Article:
The long-term objective of our proposal is to develop a novel technological platform for generating valuable live cell microRNA expression data for cancer cells. MicroRNAs are a class of evolutionary conserved non-coding RNAs that regulate stability and translation efficiency of target mRNAs, playing a critical role in regulating development as well as disease states. While contemporary platforms such as microarrays and RT-qPCR are capable of measuring aggregate miRNA levels, only limited research has addressed single-cell distributions and no systematically created dataset is available for cancer research. Most significantly, distributions and time-series data are required to identify multimodal miRNAs, characterize expression variability, find significant inter-miRNA correlations, and enable more accurate analysis and classification of cancer cell types and states. Finally, no functional datasets exist that characterize the interaction of miRNA with genetic circuit elements that will be useful for both cancer diagnosis and gene-based therapy. We propose an innovative combination of microfluidics and synthetic biology to overcome this hurdle, leading to massive new datasets, large libraries of biosensors, and ultimately therapeutic cancer cures. We will utilize a high throughput microfluidic platform to assemble libraries of genetic circuits that act as sensors to measure microRNA expression levels in target cell lines. These circuits will feature inputs for single or multiple microRNAs. We will assemble a library of single-input microRNA sensors for a large set of experimentally-validated human microRNAs (412, presented in the microRNA atlas) and use these sensors to measure expression levels in 15 target healthy and cancer cell lines. We will use sensors featuring multiple microRNA inputs to generate previously unavailable microRNA correlation data, thus providing an avenue for gaining deeper insight into the operations of pathways important to diseases such as cancer. These expression data sets, in contrast to data derived from microarrays and similar techniques, will be experimentally measured in real-time from large numbers of individual live cells via a separate microfluidic module. We will use the microRNA correlation data to increase the precision of cancer cell classifiers.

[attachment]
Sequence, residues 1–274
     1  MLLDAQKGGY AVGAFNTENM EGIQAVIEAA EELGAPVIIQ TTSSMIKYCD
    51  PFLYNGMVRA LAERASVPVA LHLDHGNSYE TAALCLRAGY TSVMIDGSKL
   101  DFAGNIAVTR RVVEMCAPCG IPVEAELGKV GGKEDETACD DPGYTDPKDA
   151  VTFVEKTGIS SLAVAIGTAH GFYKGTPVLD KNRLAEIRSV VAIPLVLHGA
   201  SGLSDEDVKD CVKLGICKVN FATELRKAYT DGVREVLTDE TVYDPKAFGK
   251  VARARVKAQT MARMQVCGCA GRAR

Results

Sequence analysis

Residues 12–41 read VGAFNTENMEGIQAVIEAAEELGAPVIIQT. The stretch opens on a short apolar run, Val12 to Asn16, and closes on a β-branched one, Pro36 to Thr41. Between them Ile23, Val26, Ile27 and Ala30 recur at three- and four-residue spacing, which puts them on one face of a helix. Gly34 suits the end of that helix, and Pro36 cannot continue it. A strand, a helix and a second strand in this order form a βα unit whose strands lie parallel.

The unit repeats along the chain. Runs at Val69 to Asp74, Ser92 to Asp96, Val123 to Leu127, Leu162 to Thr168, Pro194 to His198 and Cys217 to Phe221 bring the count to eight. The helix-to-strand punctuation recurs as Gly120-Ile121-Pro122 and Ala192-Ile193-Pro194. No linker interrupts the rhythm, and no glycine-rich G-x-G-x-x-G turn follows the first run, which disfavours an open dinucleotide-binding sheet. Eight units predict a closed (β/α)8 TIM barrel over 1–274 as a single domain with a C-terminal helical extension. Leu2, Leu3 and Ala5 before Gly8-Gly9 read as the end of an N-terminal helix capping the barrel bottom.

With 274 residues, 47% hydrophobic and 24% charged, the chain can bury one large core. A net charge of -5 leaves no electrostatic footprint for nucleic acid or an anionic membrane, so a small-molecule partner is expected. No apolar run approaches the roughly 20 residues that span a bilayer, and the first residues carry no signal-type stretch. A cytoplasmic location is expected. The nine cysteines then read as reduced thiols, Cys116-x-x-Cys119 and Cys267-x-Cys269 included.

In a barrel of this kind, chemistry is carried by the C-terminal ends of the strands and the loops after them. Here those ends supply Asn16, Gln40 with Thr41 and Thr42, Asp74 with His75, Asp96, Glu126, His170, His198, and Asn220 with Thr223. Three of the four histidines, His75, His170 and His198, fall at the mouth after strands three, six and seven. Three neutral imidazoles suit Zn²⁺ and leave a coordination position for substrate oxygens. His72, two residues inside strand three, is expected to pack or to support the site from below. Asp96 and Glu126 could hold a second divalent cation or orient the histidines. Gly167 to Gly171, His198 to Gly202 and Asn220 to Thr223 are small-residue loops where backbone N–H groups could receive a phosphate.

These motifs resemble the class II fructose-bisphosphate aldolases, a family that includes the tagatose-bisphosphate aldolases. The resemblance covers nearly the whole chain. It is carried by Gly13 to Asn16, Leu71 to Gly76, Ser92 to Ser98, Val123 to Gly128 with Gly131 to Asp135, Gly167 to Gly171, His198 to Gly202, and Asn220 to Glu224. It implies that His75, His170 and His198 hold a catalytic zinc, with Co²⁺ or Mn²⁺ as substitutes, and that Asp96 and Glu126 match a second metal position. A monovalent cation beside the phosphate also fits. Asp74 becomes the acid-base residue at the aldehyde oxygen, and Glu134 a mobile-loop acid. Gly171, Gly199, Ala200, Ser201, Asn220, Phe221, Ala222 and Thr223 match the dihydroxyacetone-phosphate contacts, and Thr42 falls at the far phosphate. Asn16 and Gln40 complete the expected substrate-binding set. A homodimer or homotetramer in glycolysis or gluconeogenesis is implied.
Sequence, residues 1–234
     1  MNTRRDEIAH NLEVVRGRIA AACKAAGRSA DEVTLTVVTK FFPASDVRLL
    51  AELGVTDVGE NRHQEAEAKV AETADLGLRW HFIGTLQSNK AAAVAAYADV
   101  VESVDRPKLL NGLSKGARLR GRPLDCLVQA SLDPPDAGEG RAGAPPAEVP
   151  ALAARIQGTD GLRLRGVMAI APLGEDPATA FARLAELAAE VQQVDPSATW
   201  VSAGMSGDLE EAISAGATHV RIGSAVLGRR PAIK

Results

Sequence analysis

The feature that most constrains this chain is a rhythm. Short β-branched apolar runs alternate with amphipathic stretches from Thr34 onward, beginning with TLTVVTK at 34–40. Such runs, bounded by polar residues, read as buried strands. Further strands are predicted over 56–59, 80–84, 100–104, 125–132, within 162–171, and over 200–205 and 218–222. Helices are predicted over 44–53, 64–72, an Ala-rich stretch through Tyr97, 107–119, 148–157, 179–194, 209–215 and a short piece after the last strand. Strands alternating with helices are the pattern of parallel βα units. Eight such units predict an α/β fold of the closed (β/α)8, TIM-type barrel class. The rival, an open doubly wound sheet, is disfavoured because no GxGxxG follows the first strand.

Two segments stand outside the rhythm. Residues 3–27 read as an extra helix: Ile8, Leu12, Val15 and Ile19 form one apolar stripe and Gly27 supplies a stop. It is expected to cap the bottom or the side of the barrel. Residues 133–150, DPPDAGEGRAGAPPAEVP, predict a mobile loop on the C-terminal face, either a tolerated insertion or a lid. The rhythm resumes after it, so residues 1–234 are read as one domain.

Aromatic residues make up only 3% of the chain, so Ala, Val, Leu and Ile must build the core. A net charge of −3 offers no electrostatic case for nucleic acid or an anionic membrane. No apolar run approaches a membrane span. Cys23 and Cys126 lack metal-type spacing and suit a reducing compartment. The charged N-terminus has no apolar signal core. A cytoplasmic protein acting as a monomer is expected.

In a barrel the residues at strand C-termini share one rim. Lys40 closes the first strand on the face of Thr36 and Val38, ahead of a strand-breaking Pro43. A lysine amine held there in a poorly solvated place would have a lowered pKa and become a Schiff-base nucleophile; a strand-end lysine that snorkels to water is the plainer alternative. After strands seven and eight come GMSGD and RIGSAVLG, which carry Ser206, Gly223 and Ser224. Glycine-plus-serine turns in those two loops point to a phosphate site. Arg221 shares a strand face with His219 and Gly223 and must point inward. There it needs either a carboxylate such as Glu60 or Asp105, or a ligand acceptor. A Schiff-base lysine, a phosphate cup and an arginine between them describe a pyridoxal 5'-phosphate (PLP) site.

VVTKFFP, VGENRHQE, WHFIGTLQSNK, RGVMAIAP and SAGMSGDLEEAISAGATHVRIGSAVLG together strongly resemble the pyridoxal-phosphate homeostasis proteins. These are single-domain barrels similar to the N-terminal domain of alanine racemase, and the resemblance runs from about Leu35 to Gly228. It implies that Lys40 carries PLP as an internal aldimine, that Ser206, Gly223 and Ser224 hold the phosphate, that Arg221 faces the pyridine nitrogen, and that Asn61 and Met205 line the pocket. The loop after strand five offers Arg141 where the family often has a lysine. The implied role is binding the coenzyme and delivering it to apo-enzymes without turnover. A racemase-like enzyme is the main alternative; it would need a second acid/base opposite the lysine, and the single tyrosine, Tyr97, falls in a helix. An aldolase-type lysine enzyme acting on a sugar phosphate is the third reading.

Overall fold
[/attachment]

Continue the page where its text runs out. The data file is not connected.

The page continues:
Public Health Relevance

MicroRNAs are a class of small, non-coding RNA molecules that play an important role in regulating development and various diseases including cancer. There is an increasing need for comprehensive catalogs of microRNA expression levels, which would be valuable for almost any developmental or disease study as well as therapeutics. To obtain this data, we will use microfluidic technology to assemble libraries of novel genetic circuits featuring microRNA sensors to obtain, for the first time, experimentally derived sets of microRNA expression data from large numbers of live, single cells. These datasets will then allow us to correlate expression patterns between microRNAs in multiple cell types for applications such as classifying cancer cells.

National Institute of Health (NIH)
National Cancer Institute (NCI)
Research Project (R01)
Project #
Application #
Study Section
Instrumentation and Systems Development Study Section (ISD)
Program Officer
Knowlton, John R
Project Start
Project End
Budget Start
Budget End
Support Year
Fiscal Year
Total Cost
Indirect Cost
Massachusetts Institute of Technology
Engineering (All Types)
Schools of Engineering
United States
Zip Code
Kiani, Samira; Beal, Jacob; Ebrahimkhani, Mohammad R et al. (2014) CRISPR transcriptional repression devices and layered circuits in mammalian cells. Nat Methods 11:723-6